What is PSHE?

Personal, social, health and economic (PSHE) education supports children and young people to develop the knowledge, skills and attributes needed to thrive as individuals and members of society.

These skills and attributes help children and young people to stay healthy and prepare them for life and work. When taught well, PSHE education helps children and young people to achieve their academic potential and equipped with skills they will need throughout their life.

The Education Act (2002) requires all schools to teach a curriculum that is “broadly based, balanced and meets the needs of pupils’. Schools must promote the spiritual, moral, cultural, mental and physical development of pupils at the school and of society, and prepare pupils at the school for the opportunities, responsibilities and experiences of later life” 

The Equality Act (2010) places duties on schools to address prejudice-based bullying and to prevent it from happening, and in doing so keep protected characteristics safe. The focus on identity and equality within PSHE education can help schools to fulfil this duty. 

The Children and Social Work Act (2017) states that from September 2020 the majority of PSHE education became compulsory in all schools with the introduction of statutory Relationships Education at Key Stages 1 and 2 (ages 5-11), Relationships and Sex Education (RSE) in Key Stages 3 and 4 (ages 11-16) and Heath Education for Key Stages 1-4. PSHE education was already compulsory in independent schools. 

Keeping Children Safe in Education (2023) has strong connections with the PSHE education agenda. This document is statutory guidance and must be taken into account by education providers when carrying out their duties to safeguard and promote the welfare of children and young people.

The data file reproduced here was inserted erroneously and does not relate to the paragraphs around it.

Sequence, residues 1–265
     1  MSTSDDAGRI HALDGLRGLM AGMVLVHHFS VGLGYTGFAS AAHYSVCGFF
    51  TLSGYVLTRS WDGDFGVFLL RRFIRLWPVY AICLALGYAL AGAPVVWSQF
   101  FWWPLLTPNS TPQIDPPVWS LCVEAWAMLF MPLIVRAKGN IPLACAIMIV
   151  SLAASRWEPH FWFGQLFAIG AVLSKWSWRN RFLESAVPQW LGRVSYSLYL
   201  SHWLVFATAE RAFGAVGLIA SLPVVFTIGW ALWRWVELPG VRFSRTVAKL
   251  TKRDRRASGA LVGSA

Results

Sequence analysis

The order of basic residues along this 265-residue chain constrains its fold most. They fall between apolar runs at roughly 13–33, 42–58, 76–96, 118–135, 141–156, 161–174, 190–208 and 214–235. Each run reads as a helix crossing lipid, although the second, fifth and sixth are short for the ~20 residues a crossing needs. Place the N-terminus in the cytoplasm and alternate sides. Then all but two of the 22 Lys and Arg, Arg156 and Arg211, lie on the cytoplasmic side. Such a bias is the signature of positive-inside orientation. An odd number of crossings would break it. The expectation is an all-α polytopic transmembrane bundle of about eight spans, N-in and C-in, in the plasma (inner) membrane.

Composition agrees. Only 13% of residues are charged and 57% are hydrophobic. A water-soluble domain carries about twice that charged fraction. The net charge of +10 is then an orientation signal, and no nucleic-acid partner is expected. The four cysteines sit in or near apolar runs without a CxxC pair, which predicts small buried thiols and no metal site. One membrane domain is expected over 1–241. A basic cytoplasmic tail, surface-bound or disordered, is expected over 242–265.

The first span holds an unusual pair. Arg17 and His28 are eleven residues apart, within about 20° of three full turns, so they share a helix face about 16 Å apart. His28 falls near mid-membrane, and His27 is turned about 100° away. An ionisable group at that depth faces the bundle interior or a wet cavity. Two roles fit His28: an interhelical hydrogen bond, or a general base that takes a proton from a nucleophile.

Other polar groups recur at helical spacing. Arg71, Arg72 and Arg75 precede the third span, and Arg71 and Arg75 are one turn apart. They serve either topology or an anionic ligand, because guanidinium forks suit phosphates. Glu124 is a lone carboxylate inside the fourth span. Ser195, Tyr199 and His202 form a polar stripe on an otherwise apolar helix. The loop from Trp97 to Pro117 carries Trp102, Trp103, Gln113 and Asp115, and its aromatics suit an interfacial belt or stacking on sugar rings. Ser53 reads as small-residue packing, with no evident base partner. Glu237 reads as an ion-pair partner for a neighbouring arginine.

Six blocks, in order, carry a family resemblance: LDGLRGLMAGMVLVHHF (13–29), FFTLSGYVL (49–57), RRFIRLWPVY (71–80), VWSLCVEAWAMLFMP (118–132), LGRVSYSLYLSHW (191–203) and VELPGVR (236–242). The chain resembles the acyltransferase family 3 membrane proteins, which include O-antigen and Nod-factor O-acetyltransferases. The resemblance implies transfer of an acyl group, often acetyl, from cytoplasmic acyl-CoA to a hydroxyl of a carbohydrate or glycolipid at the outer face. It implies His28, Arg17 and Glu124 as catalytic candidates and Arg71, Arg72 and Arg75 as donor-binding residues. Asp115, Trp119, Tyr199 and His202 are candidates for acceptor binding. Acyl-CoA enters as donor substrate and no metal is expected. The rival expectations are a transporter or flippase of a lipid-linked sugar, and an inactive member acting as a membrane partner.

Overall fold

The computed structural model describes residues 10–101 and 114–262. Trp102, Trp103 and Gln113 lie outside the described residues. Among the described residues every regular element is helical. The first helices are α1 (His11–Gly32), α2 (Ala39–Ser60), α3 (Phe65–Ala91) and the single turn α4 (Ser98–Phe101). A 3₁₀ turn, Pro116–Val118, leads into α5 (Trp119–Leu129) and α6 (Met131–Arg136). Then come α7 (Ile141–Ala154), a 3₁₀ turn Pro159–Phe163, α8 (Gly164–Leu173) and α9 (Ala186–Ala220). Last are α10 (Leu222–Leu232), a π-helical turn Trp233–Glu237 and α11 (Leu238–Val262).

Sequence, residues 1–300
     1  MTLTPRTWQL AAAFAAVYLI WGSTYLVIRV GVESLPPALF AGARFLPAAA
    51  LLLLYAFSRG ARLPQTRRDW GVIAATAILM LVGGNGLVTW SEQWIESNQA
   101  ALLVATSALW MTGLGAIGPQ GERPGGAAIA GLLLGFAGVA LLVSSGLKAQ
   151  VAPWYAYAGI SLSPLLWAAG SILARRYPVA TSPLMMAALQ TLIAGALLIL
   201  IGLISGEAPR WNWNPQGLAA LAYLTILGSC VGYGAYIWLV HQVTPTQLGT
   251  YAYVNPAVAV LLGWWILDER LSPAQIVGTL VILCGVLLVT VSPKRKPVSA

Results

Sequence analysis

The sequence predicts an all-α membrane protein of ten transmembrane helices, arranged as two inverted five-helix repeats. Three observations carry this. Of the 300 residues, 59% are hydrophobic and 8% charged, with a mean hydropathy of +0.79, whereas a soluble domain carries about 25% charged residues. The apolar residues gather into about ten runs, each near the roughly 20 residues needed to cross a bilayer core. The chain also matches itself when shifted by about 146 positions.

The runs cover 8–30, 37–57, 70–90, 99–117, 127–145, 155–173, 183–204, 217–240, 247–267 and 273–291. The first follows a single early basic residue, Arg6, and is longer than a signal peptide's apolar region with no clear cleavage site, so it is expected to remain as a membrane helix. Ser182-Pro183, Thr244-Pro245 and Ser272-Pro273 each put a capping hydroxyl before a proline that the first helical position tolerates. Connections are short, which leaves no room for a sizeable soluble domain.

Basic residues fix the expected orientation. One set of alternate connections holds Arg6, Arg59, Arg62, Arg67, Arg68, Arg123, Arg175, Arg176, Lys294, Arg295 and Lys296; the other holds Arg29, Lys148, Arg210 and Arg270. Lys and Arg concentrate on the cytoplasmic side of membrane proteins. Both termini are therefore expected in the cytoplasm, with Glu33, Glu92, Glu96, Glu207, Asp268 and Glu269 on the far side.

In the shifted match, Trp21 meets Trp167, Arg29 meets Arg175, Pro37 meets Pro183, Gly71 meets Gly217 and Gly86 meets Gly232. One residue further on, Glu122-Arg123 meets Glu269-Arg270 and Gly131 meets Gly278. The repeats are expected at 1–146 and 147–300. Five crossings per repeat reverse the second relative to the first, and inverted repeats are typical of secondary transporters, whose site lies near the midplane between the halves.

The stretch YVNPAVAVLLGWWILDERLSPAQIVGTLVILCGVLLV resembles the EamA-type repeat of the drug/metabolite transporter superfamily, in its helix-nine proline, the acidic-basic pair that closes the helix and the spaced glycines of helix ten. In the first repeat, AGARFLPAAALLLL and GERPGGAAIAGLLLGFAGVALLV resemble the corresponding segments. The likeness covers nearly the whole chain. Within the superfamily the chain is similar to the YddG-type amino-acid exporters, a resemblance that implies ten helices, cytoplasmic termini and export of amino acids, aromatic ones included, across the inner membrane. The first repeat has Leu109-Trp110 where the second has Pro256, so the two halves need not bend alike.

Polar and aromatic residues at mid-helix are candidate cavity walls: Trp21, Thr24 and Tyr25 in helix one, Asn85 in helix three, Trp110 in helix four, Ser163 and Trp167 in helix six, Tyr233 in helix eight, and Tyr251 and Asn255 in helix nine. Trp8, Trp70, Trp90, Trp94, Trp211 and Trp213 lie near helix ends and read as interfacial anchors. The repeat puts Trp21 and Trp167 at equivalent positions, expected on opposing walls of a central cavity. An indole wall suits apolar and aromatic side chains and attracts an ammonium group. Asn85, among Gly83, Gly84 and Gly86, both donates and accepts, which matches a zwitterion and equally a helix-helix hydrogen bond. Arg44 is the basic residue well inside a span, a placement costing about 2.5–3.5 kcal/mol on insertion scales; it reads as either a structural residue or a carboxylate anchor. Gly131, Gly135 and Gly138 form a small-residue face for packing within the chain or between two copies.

We believe that for PSHE education to be effective it must:

  • Be delivered within a safe learning environment based on the principle that prejudice, discrimination and bullying are harmful and unacceptable.  
  • Have clear learning objectives and outcomes and ensure sessions and programmes are well planned, resourced and appropriately underpinned by solid research and evidence.
  • Be relevant, accurate and factual, including using the correct terminology.
  • Be positively inclusive in terms of: 
    • Age; 
    • Disability; 
    • Gender identity; 
    • Pregnancy and maternity; 
    • Race; 
    • Religion or belief 
    • Sex; 
    • Sexual orientation
  • Be designed to include the development of knowledge, skills and values to support positive life choices.
  • Use positive messaging, that does not cause shame or victim blaming and is trauma-informed.
  • Challenge attitudes and values within society, such as perceived social norms and those portrayed in the media.  
  • Be reflective of the age and stage of the children and young people and be tailored to the environment and group.
  • Utilise active skill-based learning techniques to encourage active participation. 
  • Ensure that children and young people are aware of their rights, including their right to access confidential advice and support services within the boundaries of safeguarding.
  • Be delivered by trained, confident and competent professionals.  
  • Empower and involve children and young people as participants, advocates and evaluators in the development of PSHE education.